LONDON -- For six years the maddened millions have been twisting interlocking cubes to line up their colored faces. Now just when you thought you had mastered the Rubik cube, in wriggles the Rubik snake.
'This will be a biggie,' says importer Mike Clarke. 'Easily as popular as the cube.'
Rubik's cube, as nearly everyone must know, is a cunning construction of 26 smaller cubes which has caused divorce, postponed marriages, spawned a library of how-to-solve-it books and has infuriated and fascinated addicts all over the world.
Rubik's new snake is 24 pyramids. In its see-through case it looks like a cubistic globe. But it unwinds and re-forms into more than 1,000 shapes -- dogs, birds, geometric sculptures, and a 'snake' some two feet long.
'It will drive you mad,' said Britain's biggest toy store. Naturally it placed an enormous order.
The infamous cube, designed in 1975 by Hungarian teacher Erno Rubik, is roughly as common as rain in England. More than 10 million have been sold in the United States. West Germany is cube crazy, and so are other nations.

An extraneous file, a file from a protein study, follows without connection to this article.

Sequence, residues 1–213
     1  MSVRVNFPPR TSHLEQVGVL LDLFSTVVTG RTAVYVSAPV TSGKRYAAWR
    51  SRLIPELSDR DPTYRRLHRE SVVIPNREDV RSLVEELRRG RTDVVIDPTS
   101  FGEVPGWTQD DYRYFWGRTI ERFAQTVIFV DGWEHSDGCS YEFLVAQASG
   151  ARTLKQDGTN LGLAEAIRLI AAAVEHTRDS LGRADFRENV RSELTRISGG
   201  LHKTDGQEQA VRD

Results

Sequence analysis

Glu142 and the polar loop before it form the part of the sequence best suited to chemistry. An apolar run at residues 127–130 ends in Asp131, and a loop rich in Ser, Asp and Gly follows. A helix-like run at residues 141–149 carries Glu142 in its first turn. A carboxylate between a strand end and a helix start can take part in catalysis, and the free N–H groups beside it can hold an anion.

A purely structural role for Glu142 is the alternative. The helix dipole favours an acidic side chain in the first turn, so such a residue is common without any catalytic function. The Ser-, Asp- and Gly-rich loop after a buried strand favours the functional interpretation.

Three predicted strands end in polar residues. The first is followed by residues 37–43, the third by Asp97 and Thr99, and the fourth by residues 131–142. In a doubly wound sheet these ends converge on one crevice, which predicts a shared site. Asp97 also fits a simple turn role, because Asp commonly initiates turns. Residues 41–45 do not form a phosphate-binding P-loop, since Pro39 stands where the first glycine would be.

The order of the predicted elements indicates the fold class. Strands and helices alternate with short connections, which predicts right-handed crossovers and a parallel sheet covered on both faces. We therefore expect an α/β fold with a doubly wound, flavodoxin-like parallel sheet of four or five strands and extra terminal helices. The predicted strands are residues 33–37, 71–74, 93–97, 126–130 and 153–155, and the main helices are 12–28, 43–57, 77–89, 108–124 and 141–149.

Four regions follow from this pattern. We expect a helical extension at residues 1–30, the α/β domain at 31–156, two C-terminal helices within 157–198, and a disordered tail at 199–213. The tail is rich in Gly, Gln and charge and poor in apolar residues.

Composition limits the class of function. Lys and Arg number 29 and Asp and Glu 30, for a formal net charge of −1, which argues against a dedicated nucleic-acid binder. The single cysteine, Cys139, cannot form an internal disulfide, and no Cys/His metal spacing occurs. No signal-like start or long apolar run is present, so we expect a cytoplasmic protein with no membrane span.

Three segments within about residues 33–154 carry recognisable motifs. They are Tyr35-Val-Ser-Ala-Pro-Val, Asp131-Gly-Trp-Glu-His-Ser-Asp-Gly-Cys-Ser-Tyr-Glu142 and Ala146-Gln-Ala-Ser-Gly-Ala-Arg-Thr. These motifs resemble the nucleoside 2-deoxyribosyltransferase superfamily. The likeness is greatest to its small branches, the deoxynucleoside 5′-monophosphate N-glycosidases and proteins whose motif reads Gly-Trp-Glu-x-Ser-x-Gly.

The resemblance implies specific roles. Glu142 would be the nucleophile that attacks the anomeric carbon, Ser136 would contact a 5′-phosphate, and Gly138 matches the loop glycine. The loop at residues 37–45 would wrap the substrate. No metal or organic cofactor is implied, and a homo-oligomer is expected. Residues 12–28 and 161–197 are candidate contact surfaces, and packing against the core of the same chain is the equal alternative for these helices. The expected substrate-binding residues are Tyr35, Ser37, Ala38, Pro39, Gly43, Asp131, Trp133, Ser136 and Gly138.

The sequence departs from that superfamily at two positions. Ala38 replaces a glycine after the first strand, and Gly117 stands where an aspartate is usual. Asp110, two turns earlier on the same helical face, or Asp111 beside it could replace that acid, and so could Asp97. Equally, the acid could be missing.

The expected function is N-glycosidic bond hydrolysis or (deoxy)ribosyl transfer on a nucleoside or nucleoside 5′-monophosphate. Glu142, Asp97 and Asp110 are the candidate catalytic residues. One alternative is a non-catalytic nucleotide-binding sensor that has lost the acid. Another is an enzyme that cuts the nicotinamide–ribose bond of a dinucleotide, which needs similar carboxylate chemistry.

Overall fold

All this little 'adult amusement' requires is that you twist its separate cubes until each face of the full cube is a solid color. Mathemeticians say there are 43,252,003,274,489,856,000 possible permutations.
'With a bit of mathematical know-how and a few hints, it's possible to solve the cube in a few days to a few weeks,' says David Singmaster, a London mathematics professor and cube fanatic. 'It took me two weeks, on and off.'
A West German holds the world championship by solving it in 24 seconds. Briton Nicolas Hammond, a mere 16, did it in 28 seconds and has written a book called 'How to Solve the Cube in 37 Seconds.'
'I think its attraction,' says Hammond, 'is that people don't like being beaten by a block of annoying plastic.' Hear, hear.
Singmaster says Erno Rubik is probably the only man involved who hasn't made a fortune out of the cube.
'The last I heard, he couldn't even afford a telephone,' Singmaster said.
Rubik's latest product, widely pirated even before it officially went on sale in Britain, is less complex, less competitive and presumably less maddening.
'I have seen and played with the snake,' said Hungarian embassy official George Endressy. 'It is much simpler. It keeps you busy for an hour.'
But toy sellers think differently. The cube was voted 'Toy of the Year' last year, and importer Clarke says of the snake: 'Demand is fantastic. This is going to be a whole lot bigger than Rubik's cube.'
Heaven preserve us all.